Yet another complaint has been filed against the USPTO challenging Patent Term Adjustment. The issue raised in Oncolytics Biotech Inc. v. Kappos is whether a deficient Office Action that was subsequently vacated by the USPTO nevertheless satisfied the USPTO’s obligation to take action within four months of the applicant’s previous reply.

The Patent At Issue

Oncolytics is the assignee of U.S. 7,803,385, directed to isolated reoviruses that may be useful in the therapy of proliferative disorders. The patent issued on September 28, 2010, and originally was awarded 0 days PTA. In its complaint, Oncolytics seeks 122 days PTA. 

The USPTO Delay At Issue

An application accrues PTA for USPTO delay when the USPTO fails to issue an Office Action (or Notice of Allowance) within four months of a reply, in accordance with 35 USC §154(b)(1)(A)(ii).

Oncolytics filed a reply to a Restriction Requirement on May 6, 2009. An Office Action was mailed August 26, 2009, but that Office Action subsequently was “vacated” by the USPTO and a new Office Action was issued on January 26, 2010, 122 days longer than four months after the May 6, 2009 reply.

Oncolytics is requesting 122 days PTA for the USPTO delay between the May 6. 2009 reply and the January 26, 2010 Office Action. 
 

The USPTO’s First PTA Decision

In a Decision dated August 9, 2010, the USPTO “dismissed” Oncolytic’s PTA request, asserting that the August 26, 2009 Office Action satisfied the USPTO’s obligation to issue an Office Action within four months of the reply. The USPTO offered two reasons for its decision:

The fact that the Office later withdrew the non-final Office action does not negate the fact that the Office took action . . . on August 24, 2009.

[T]he examiner does not have the authority to vacate, rescind, or withdraw an Office action. Unless vacated by the Technology Center Director, for purposes of calculating [PTA], the action originally mailed by the examiner on August 24, 2009, will be used to calculate the amount of Office delay.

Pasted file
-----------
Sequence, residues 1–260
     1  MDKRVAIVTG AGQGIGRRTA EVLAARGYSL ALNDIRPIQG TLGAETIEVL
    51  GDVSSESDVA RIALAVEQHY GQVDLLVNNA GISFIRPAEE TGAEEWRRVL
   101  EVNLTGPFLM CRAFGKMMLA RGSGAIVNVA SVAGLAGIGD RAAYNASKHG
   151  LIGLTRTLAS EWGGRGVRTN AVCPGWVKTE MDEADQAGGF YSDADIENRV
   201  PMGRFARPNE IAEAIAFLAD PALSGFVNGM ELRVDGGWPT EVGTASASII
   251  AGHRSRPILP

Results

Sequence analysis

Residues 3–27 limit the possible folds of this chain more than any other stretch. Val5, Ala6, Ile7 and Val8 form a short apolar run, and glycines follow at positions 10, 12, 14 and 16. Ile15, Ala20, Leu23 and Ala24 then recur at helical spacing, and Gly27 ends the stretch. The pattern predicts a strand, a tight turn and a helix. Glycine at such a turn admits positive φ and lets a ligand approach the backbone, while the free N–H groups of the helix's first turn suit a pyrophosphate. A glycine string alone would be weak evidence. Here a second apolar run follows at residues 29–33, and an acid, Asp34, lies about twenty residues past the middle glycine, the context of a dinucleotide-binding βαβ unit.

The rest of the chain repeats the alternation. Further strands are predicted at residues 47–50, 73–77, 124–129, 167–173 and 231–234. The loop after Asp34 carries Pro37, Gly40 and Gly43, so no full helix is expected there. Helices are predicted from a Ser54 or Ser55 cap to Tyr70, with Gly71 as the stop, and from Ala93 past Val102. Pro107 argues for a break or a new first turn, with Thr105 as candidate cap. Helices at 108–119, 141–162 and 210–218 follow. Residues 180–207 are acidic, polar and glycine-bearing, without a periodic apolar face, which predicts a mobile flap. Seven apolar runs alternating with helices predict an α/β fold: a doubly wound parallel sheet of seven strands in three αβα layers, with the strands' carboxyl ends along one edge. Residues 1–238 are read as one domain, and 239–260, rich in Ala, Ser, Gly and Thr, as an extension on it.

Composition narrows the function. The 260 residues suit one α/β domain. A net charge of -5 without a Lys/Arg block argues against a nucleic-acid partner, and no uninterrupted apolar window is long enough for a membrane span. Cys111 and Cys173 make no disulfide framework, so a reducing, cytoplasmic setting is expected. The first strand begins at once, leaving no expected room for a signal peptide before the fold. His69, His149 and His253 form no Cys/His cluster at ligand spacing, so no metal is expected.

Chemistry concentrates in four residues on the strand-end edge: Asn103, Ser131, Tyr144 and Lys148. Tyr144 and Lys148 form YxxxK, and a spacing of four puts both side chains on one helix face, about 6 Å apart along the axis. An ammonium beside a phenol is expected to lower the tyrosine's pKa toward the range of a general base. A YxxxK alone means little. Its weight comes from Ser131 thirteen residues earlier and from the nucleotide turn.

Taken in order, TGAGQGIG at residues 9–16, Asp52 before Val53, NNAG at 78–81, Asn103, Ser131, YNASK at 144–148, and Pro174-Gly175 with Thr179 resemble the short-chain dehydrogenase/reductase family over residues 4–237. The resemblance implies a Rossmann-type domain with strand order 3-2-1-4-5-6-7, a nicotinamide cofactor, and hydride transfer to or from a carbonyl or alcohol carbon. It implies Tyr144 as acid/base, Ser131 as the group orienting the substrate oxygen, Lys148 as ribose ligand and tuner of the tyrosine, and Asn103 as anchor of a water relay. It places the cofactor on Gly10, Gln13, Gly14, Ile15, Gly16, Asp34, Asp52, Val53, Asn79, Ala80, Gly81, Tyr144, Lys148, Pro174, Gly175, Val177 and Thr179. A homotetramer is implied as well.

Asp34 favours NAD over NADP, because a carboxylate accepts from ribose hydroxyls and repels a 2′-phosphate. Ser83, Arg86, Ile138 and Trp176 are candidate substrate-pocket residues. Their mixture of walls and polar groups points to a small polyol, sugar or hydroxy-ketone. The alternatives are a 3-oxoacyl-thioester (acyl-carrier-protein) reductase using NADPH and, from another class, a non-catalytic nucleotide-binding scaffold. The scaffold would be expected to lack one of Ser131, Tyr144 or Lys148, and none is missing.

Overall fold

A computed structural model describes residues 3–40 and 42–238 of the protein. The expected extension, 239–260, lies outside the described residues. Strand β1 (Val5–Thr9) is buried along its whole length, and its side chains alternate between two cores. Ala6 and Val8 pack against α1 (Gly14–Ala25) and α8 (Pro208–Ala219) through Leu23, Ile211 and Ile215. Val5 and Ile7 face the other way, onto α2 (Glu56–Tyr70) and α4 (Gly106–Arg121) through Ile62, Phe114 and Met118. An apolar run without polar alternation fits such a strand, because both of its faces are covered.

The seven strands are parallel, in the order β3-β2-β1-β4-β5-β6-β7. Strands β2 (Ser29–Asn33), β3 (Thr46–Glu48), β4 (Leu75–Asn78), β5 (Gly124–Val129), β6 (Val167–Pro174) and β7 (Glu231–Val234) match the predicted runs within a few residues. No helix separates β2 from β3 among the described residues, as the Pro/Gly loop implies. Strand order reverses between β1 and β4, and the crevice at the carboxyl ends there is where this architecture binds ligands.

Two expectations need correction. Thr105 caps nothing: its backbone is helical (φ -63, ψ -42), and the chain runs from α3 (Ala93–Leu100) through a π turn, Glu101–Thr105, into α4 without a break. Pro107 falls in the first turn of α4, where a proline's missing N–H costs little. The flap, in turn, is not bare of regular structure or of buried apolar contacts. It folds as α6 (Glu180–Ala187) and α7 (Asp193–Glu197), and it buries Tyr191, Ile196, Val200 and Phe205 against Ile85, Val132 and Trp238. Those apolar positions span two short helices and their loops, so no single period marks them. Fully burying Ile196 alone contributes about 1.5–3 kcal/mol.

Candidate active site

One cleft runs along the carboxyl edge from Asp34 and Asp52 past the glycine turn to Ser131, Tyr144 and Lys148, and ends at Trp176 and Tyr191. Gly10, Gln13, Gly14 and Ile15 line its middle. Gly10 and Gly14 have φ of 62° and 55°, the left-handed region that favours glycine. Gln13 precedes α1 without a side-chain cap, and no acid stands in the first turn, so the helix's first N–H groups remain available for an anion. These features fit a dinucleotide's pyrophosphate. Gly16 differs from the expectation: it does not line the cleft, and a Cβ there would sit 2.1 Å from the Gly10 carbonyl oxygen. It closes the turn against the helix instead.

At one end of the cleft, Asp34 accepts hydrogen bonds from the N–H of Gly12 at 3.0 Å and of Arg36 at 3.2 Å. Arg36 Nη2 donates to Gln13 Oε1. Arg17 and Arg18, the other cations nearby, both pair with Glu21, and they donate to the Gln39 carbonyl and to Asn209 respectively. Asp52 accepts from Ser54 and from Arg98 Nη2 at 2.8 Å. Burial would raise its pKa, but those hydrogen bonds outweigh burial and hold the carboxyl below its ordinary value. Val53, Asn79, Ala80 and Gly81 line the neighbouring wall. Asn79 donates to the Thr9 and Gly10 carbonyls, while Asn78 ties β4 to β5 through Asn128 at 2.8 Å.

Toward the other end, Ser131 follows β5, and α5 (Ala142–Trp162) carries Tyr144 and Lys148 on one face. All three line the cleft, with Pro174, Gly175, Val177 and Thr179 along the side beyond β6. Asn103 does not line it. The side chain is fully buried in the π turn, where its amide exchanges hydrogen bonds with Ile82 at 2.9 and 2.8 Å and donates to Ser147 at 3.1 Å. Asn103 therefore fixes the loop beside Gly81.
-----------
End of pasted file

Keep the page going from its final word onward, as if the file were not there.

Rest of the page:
Oncolytic’s Request for Reconsideration

Oncolytics filed a Request for Reconsideration, noting the following:

  • The August 2009 Office Action contained “inadequacies” that were discussed during an in-person interview on October 29, 2009.
  • The Interview Summary issued by the examiner acknowledged “the possibility of a new action vacating the first action.”
  • The January 2010 Office Action stated that “the previous Office Action mailed on August 24, 2009, is vacated in favor of the instant Office Action.”

Oncolytics therefore questioned the factual and legal basis for the USPTO’s assertion that the Examiner did not have the authority to “vacate” the August 2009 Office Action.

Oncolytics also asserted that the deficiencies of the August 2009 Office Action were such that it did not qualify as an action under 35 USC § 132.


The USPTO’s Second PTA Decision

In a Decision dated February 16, 2011, the USPTO “denied” Oncolytic’s PTA request, refining it’s position on the status of the August 2009 Office Action. In particular, the USPTO asserted: